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Buffy Summers Saved My Life

June 23, 2015

It was with great hesitation that I entered into Joss Whedon’s teenage world of demons and vampire slayers, and you can blame it on Luke Perry. No self-respecting science-fiction fan born in the nineteen-seventies took the 90210 star with more than a grain of salt, and that’s being generous. Never mind the 1992 movie had little to do with the series that eventually defined supernatural-themed television. His involvement, along with the ridiculous title, served as sufficient motivation to steer clear of a show whose genre I didn’t much enjoy anyway.

So you can imagine my chagrin when, years after the dust settled, I discovered the creator of my all-time favorite space opera – Firefly – was single-handedly responsible for the existence of Buffy the Vampire Slayer.

I told myself I was studying the emergence of Eliza Dushku, the star of Whedon’s Dollhouse series, and David Boreanaz, known for his role in Bones. I owed it to my education to absorb the entire Whedon-verse; this was an intellectual endeavor that would improve my screenwriting abilities.

But somewhere between the pilot and the Halloween episode where Anya dresses up as a pink bunny and Giles has to take a chainsaw to a fraternity house to save the Scooby gang, I had to admit I was watching sheerly for the pleasure of the experience. The monsters were usually metaphors for internal demons high-schoolers struggle with. The dialogue was full of witty ripostes and laugh-worthy sarcasm. Each character had their strengths and flaws. James Marsters was hilarious as the incompetent bad guy, and even Seth Green made an impressive showing as a taciturn werewolf.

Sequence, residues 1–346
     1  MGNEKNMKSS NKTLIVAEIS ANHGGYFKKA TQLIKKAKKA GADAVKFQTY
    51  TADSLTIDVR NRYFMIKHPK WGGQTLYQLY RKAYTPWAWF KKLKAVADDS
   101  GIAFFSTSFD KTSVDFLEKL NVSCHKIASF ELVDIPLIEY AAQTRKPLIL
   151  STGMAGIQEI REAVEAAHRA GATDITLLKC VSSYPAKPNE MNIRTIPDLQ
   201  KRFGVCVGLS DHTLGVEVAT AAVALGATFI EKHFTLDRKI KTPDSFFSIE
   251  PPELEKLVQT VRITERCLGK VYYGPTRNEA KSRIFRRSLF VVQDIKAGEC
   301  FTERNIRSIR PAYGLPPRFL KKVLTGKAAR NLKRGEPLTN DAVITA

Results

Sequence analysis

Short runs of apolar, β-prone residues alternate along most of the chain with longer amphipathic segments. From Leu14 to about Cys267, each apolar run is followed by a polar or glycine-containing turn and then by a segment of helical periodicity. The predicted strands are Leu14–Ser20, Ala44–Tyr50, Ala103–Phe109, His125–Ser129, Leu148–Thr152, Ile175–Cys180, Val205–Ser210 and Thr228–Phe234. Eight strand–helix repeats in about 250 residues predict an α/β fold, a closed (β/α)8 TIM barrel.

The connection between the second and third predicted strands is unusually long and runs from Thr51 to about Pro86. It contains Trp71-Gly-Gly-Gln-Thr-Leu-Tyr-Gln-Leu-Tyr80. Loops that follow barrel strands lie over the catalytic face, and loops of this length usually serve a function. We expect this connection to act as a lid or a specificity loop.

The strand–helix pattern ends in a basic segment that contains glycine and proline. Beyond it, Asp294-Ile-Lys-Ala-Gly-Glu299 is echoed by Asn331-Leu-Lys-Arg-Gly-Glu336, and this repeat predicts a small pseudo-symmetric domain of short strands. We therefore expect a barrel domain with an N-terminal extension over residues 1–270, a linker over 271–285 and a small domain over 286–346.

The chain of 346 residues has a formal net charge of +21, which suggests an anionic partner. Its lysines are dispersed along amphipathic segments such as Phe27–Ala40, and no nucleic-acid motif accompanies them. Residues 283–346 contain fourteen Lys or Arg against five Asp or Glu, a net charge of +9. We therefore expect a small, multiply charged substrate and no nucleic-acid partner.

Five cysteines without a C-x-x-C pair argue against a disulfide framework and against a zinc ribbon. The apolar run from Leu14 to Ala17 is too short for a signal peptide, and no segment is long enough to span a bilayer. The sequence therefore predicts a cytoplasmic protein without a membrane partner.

And it was during that very episode that my 10-year old daughter walked into the room and changed our relationship forever.

The thing was, we’d stopped watching shows together. After long days of working and studying we liked to cozy up to an episode or two on Netflix, but we were doing it in opposite ends of the house. I had no interest in fantasy shows like Once Upon a Time or Merlin and she had no reason to be watching Weeds or Californication. The last show we’d watched together was MacGyver, but you can only take so many 1980’s computers and haircuts before the suspension of disbelief evaporates altogether.

Here was a show based on character. Here were life lessons presented without lecture or pomp. But above all Joss Whedon conceived Buffy as a celebration of girl power, and I wanted to share that with my daughter.

Buffy and the gang stood over an occult symbol painted on the floor. “She’s the slayer,” I said, pointing. “She’s a witch, that guy’s a werewolf, the girl in the bunny suit used to be a vengeance demon, and that guy, well, he’s just funny.” I pressed play. The gang looked on in horror as a demon rose out of the symbol… a ten-inch tall demon.

Buffy’s foot descended.

We started laughing. Together. And that was the beginning of it. Now we have something in common, a bond that goes deeper than the act of sitting in front of the same television screen. We have inside jokes. Favorite moments. And a safe, fictional universe to refer to when those inevitable parenting moments arise.

Buffy Summers didn’t really save my life. But at the end of season three, when the ubiquitous Jonathan Levinson gave Buffy the ‘Class Protector’ award and my daughter turned to me and whispered, ‘I think I might cry,’ she may as well have.

 

 

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